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S.Con.Res. 31 (116th): A concurrent resolution recognizing the importance and significance of the 2020 Census and encouraging individuals, families, and households across the United States to participate in the 2020 Census to ensure a complete and accurate count.

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Sponsor and status

Brian Schatz

Sponsor. Senior Senator for Hawaii. Democrat.

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Last Updated: Dec 19, 2019
Length: 4 pages
Introduced
Dec 18, 2019
116th Congress (2019–2021)
Status
Died in a previous Congress

This resolution was introduced in a previous session of Congress and was passed by the Senate on December 18, 2019 but was never passed by the House.

Cosponsors

42 Cosponsors (36 Democrats, 5 Republicans, 1 Independent)

Source

History

Dec 18, 2019
 
Introduced

Bills and resolutions are referred to committees which debate the bill before possibly sending it on to the whole chamber.

Dec 18, 2019
 
Passed Senate (House next)

The resolution was passed in a vote in the Senate. It goes to the House next. The vote was by Unanimous Consent so no record of individual votes was made.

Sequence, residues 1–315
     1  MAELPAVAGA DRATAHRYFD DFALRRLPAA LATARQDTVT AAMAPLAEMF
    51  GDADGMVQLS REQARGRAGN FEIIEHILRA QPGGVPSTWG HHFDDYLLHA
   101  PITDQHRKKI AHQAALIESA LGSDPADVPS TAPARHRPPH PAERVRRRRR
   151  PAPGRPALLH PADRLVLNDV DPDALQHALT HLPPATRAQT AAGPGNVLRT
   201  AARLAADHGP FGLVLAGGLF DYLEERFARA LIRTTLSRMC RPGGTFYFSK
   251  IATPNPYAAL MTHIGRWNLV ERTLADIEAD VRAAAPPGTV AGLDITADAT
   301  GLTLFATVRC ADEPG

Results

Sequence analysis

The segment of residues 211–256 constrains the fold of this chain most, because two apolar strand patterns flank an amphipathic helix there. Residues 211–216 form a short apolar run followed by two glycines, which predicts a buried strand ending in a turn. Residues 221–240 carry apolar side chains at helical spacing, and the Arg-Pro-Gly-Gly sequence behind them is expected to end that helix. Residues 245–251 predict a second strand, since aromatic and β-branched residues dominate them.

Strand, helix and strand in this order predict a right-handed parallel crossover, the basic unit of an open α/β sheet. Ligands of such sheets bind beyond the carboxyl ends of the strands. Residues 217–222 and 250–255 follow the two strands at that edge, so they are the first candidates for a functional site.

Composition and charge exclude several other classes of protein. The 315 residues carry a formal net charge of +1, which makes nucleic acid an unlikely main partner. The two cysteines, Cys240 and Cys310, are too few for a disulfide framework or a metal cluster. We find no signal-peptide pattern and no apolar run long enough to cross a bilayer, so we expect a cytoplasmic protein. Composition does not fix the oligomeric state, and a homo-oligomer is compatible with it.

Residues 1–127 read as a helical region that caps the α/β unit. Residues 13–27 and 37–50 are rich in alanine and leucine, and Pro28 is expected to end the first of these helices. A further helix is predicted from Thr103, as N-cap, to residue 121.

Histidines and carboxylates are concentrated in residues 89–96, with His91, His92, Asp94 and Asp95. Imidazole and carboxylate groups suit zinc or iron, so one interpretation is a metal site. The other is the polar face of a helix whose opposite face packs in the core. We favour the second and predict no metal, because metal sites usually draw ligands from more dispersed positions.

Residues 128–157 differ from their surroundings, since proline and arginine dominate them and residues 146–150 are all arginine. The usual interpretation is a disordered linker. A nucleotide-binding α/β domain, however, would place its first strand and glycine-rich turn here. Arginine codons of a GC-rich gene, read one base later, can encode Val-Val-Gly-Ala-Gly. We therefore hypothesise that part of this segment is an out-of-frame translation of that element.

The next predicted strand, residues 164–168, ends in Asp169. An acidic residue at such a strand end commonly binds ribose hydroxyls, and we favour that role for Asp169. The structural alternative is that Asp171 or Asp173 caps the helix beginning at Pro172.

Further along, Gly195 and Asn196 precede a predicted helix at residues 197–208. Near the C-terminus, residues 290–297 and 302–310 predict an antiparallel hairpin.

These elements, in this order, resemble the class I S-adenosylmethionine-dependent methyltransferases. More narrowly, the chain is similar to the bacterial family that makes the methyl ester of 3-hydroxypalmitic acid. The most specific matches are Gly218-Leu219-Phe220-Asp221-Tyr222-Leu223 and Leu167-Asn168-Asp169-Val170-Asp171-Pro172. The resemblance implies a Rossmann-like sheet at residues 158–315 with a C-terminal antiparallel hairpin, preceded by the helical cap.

S.Con.Res. 31 (116th) was a concurrent resolution in the United States Congress.

A concurrent resolution is often used for matters that affect the rules of Congress or to express the sentiment of Congress. It must be agreed to by both the House and Senate in identical form but is not signed by the President and does not carry the force of law.

Resolutions numbers restart every two years. That means there are other resolutions with the number S.Con.Res. 31. This is the one from the 116th Congress.

This concurrent resolution was introduced in the 116th Congress, which met from Jan 3, 2019 to Jan 3, 2021. Legislation not passed by the end of a Congress is cleared from the books.

How to cite this information.

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“S.Con.Res. 31 — 116th Congress: A concurrent resolution recognizing the importance and significance of the 2020 Census and encouraging individuals, ...” www.GovTrack.us. 2019. July 24, 2021 <https://www.govtrack.us/congress/bills/116/sconres31>

Where is this information from?

GovTrack automatically collects legislative information from a variety of governmental and non-governmental sources. This page is sourced primarily from Congress.gov, the official portal of the United States Congress. Congress.gov is generally updated one day after events occur, and so legislative activity shown here may be one day behind. Data via the congress project.